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Our intrepid explorer James Willis signs in again with an account of chicken pizza at Chichen Itza…

Having finally departed from Los Angeles, I found myself lost in yet another culture shock.
I hadn’t expected Guatemala to be a global hub, but from the moment I landed it seemed as though even their major cities were what many other countries would look at as small villages or slums.
After reaching my hotel in the town of Antigua, I quickly settled into my room to get comfortable before setting out to find an ATM and some small souvenirs.
With every cobblestone street looking almost identical, I would easily have gotten lost were my hotel not next to the elaborate and noticeable town church.
That evening I met the rest of my new tour group, quickly discovering that this time I was the youngest, ‘baby’ of the group. In some cases, by a long distance.
Diving straight into the Central American culture, I ordered a big plate of nachos for dinner. I soon came to yet another realisation that everything, not matter what meal it was, would come with beans.
We left Antigua particularly early the following morning (04:30) in order to beat the rush hour traffic during the first half of our day’s travel. In total, it was a 10 hour drive to another small town, called Flores, which was to be our next destination.
It was while here that we were taken on a guided tour of the Tikal ruins left behind by the Mayans.
While each temple is, essentially, built exactly the same, it’s still difficult not to marvel at them all. Especially having been given the opportunity to climb up some of them, overlooking the jungle canopy to the rest of the archeological site.
The temples are all aligned in order to help tell the seasons and to produce maximum ‘magical’ effect, presumably so the royal family could keep the Mayan citizens under their rule.
After our second night in Flores, we once again had to leave relatively early so we could cross the border into the more Caribbean styled nation of Belize. It didn’t seem like the most well guarded border, with a quick passport check and £2 fee the only requirements to pass through.
Upon entry to Belize, the difference was easy to see. The general vibe was far less ‘poor Central American’ and far more ‘relaxed Caribbean’. Even the scenery seemed to change to suit this immediately after the border.
We arrived at our resort in San Ignacio not long after crossing the border and to say it was different from our hotel in Antigua would be an understatement.
All of our rooms were small huts out in the resort’s garden area, in which iguanas were casually roaming about and the popular habit for sitting around drinking endless rum and coke started.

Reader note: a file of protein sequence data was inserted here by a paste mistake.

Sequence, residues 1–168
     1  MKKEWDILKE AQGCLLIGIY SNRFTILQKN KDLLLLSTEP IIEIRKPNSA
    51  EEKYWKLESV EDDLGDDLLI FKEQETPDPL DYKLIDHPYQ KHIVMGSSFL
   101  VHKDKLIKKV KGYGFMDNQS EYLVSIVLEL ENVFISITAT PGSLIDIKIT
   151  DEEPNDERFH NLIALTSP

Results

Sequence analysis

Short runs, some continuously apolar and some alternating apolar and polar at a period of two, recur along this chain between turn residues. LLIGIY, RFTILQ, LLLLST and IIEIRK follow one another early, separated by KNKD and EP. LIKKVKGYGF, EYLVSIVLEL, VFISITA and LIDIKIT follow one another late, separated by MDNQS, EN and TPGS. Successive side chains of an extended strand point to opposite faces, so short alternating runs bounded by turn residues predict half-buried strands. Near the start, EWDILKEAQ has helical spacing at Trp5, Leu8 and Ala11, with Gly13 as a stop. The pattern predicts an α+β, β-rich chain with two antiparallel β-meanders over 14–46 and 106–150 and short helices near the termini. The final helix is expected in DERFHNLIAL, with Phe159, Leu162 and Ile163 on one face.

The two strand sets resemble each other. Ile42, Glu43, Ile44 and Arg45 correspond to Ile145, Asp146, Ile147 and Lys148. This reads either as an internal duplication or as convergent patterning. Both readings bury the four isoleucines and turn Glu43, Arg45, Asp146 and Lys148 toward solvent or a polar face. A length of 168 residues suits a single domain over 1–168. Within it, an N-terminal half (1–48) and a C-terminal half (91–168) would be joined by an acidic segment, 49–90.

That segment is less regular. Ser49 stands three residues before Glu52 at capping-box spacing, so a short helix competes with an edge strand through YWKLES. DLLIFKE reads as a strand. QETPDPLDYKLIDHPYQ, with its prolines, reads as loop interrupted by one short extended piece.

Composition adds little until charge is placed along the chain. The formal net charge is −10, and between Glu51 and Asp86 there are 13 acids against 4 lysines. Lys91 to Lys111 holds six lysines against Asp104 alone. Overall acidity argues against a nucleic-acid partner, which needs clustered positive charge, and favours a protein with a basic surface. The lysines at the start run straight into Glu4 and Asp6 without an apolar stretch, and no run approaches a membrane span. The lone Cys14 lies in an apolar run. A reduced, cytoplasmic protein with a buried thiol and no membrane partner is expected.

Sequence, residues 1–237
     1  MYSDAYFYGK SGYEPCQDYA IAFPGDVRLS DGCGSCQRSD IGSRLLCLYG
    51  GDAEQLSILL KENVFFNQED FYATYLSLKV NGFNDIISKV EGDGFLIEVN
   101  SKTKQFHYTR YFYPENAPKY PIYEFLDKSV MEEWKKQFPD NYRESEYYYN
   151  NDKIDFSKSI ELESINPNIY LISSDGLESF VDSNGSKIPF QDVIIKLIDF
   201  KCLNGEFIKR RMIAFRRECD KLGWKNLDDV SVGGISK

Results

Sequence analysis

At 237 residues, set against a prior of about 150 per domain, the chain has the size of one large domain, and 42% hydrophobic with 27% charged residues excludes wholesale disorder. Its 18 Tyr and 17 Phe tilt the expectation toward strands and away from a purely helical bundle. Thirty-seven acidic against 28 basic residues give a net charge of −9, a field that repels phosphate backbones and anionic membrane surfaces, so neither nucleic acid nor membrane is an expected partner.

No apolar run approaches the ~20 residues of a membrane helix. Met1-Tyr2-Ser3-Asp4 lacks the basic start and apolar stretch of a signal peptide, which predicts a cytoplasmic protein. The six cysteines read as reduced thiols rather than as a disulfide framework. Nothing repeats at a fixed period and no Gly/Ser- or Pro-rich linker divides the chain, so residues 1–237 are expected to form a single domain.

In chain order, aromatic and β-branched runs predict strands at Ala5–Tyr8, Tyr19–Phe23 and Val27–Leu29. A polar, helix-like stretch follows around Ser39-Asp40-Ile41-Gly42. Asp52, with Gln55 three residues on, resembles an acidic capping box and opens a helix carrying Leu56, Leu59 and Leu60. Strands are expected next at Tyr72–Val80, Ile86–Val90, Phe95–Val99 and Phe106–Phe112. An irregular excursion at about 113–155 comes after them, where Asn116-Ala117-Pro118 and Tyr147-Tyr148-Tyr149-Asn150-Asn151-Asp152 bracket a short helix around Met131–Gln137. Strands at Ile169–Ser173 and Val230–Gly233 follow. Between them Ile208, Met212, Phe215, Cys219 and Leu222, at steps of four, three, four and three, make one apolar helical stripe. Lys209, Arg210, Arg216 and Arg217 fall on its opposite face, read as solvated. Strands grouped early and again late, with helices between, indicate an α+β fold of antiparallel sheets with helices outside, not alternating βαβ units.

The first day was spent with everyone relaxing in the pool (and the secret cave behind the pool waterfall) and a few drinks at the poolside bar.
That evening quickly became one of the strangest of my trip so far. Having had a shower and climbed into bed, my failure to actually fall asleep led me to grab some shorts and a t-shirt, throw on my shoes and head off to the hotel bar for a quick drink of water.
I need up coming across one of the few younger members of my tour group there and after talking to her for five minutes, we were joined by a local who had just wandered into the resort.
A short chat with him and we were suddenly at a nearby rastafarian karaoke bar. The biggest reception obviously came when someone started singing Bob Marley’s “Iron Lion Zion”, but the strangest part was the amount of power ballads that seemed to be chosen here.
The following day was a chance to relax by the pool and it couldn’t have been any more comfortable. Jumping in to the pool every so often, combined with sunbathing, a few drinks and the Confederations Cup final, made for a day that left me wishing we could stay in the resort for longer.
However, we were back on the road early the next morning, travelling two hours by van up to Belize City, by the coast. It was from here that we took a 45 minute water taxi to the island of Caye Caulker, which is one of Belize’s little spots of Caribbean paradise.
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On our arrival, around lunchtime, we all dropped our bags off at the hotel and headed for the beach. In this case, when I say beach, I mean fishing boat docks, as covers the whole coastline the island. That doesn’t make it any less appealing though, as there are still countless swimmers in the warm Caribbean waters.